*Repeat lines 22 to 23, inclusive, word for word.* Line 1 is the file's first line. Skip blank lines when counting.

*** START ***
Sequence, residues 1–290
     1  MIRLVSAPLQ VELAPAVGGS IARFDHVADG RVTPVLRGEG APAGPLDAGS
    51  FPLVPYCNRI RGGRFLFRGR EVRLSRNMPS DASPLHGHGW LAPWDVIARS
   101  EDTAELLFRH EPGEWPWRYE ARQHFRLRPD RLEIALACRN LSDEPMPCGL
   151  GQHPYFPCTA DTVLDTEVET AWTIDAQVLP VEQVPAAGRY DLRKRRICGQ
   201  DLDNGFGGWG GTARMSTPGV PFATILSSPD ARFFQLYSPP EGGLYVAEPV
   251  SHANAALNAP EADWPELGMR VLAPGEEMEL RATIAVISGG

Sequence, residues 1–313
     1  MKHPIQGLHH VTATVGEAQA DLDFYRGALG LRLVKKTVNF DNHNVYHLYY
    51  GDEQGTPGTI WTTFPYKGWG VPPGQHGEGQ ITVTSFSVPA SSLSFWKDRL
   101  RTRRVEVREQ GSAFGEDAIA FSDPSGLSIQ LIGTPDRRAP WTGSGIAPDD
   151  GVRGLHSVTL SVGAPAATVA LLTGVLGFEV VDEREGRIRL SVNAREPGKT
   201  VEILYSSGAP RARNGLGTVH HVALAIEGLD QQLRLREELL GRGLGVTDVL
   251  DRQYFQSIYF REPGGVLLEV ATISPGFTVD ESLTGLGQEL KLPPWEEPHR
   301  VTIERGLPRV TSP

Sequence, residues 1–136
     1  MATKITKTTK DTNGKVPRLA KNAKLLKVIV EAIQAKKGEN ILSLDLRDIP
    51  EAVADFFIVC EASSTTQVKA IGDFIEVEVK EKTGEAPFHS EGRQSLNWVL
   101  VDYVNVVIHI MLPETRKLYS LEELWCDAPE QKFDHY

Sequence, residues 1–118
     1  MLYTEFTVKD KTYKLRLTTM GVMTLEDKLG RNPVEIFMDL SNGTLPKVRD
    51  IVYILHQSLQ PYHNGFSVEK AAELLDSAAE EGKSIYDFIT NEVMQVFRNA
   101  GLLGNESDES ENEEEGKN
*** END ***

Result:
    51  IVYILHQSLQ PYHNGFSVEK AAELLDSAAE EGKSIYDFIT NEVMQVFRNA
   101  GLLGNESDES ENEEEGKN